So you say you want to have a good dog?
At least that is what I hear when I meet people for an evaluation for training.
I ask, “So what is it that brought you in, what is it you want from your dog?”
The answer is typically: “I just want him to be good.”
Most everyone wants a dog that is *good*. The challenge however, is defining what is *good*.
For the majority of pet owners *good* seem to be a dog that *doesn’t*.
*Doesn’t* as in; doesn’t jump on people, doesn’t bark at everyone that passes the front window, doesn’t chew up the furniture, doesn’t poop or pee in the house, doesn’t pull on leash…the list of “does nots”is long.
Fortunately, the list is usually pretty easy to fix. Particularly when we flip our thinking around and focus on *does* rather than *does not*. This slight adjustment in our thinking is hugely significant in terms of our success in fixing those dog behavior problems.
You might be questioning; “what do you mean Robin? He does jump on people and I want him to stop.”
How about we do a little role playing Q and A to see if I can help you make sense of this concept.
You: Robin, my dog jumps on people and I want him to stop, can you help?
Me: Sure, what do you want him to do instead?
You: (blank look, as in; duh Robin!) well, I just want him to stop jumping, he gets so excited to see everyone when they come to our house and he is just all over them. After 5 minutes he is fine, but I need him to stop that jumping.
Me: Ok, but what would you like him to do instead of the jumping on people when they come through your door?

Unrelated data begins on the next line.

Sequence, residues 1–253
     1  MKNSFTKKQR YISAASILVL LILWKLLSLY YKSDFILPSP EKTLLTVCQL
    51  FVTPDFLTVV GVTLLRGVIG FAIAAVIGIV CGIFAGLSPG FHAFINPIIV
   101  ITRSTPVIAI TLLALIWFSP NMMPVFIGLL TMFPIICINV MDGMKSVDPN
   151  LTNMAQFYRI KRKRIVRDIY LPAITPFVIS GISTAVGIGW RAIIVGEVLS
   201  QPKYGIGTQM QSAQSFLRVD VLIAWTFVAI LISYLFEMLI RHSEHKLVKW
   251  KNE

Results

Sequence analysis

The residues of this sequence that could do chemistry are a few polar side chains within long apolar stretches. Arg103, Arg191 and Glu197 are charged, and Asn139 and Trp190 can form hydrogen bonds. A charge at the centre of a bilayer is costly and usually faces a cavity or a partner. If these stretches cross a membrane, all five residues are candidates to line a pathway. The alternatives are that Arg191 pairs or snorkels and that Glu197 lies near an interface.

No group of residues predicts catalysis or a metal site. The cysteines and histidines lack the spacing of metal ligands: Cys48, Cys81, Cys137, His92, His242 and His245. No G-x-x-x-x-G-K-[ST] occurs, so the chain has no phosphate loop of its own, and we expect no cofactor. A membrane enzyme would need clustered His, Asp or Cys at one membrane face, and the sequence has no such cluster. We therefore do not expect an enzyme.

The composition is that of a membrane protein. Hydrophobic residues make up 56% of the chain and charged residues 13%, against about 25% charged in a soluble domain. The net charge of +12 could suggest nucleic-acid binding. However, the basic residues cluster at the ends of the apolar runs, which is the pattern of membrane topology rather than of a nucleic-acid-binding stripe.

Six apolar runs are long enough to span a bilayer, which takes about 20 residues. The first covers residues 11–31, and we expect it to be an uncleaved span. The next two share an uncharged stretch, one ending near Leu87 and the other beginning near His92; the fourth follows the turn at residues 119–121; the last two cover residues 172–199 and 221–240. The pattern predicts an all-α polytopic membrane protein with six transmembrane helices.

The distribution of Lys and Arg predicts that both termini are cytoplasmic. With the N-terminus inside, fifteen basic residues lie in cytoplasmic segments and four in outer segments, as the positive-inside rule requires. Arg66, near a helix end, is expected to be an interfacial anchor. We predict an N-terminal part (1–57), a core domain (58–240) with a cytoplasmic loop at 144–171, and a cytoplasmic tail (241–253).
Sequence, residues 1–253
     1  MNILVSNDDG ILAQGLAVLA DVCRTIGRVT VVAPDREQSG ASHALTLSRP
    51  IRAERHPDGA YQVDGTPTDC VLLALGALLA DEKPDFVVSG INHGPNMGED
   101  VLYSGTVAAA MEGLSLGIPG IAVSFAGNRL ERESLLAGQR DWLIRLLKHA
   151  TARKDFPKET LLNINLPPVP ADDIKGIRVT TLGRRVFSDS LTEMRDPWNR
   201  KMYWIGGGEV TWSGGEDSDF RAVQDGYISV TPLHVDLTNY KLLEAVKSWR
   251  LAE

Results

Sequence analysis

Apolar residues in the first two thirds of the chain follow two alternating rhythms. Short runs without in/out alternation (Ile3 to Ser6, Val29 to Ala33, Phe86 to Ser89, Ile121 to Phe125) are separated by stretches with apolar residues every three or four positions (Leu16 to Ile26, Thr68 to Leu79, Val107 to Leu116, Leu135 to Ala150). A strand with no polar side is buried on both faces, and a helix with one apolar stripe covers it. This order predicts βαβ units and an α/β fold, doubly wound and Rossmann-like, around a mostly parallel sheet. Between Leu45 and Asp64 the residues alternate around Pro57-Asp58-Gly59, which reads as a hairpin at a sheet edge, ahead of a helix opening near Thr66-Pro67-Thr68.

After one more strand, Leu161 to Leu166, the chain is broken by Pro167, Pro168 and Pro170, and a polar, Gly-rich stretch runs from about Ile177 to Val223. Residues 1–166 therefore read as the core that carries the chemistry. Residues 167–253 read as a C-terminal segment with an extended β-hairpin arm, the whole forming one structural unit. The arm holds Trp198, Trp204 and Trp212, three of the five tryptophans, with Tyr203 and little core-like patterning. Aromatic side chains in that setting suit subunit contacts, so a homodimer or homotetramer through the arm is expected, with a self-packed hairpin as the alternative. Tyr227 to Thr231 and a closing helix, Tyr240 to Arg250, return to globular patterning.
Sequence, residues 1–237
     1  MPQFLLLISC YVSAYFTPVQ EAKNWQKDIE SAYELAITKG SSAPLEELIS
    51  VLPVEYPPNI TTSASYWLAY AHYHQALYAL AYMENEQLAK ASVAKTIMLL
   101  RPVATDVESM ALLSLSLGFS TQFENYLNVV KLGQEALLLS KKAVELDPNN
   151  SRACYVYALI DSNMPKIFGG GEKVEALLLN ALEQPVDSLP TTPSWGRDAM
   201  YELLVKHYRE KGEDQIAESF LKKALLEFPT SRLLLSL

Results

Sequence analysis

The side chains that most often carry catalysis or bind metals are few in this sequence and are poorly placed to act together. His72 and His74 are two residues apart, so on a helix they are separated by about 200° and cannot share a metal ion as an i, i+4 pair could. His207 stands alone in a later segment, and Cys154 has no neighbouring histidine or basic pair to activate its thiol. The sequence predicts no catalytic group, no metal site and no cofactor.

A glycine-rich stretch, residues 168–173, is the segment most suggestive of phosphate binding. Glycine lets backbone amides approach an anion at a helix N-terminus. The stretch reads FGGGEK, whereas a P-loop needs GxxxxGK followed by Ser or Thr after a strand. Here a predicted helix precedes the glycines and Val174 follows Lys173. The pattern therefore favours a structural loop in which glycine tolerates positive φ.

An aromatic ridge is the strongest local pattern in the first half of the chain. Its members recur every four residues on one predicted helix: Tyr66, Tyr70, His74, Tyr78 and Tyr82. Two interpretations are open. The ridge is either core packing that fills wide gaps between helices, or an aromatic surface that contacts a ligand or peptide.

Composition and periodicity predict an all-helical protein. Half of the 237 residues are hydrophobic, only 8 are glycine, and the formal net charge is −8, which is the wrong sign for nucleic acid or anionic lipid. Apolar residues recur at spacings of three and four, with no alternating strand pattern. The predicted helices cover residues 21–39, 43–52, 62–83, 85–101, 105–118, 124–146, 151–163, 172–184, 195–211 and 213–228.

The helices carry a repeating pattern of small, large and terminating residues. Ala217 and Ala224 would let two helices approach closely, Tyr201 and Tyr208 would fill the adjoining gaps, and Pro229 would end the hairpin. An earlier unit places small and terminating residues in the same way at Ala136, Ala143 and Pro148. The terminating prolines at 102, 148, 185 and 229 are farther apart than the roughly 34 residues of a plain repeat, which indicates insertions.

You: I don’t care as long as he doesn’t jump. He just needs to stop jumping, his nails hurt and my mother is elderly and I’m afraid he will trip her.
Me: Ok, but we still need to decide what you want him to do instead. I have a couple ideas, how about this; we teach him to go to his bed and stay there when people come to the door. Then when he is calmer after that 5 minutes we can give him permission to say hello and we’ll teach him he has to keep four paws on the floor in order to get any attention and petting. How about that?
You: Cool, that would be great!
Successful dog training is basically a matter of using the “old switcheroo” We swap out behavior we don’t like for behavior we do like.
The Switcheroo List looks something like this:
Mom does not want dog to:
Jump on people
Bark at passers by
Chew up furniture
Pull on leash
Poop or pee in house
Bolt out the door
So instead mom will teach the dog to:
Sit when meeting people
Watch passers by quietly
Chew on his own toys
Walk nicely next to the person holding the leash
Wait for permission to go out the door
Teaching the dog alternative behaviors to the ones that you find annoying is the fastest path to success we know of. It will give you a dog you can be proud of when company comes over and one that can be more fully integrated into your life. And having a dog that can really be a part of your lifestyle is a very cool thing!
Now begin to fill in the blanks for the other doggy behaviors you find annoying and then contact us if you need help teaching the dog the to do alternatives. 🙂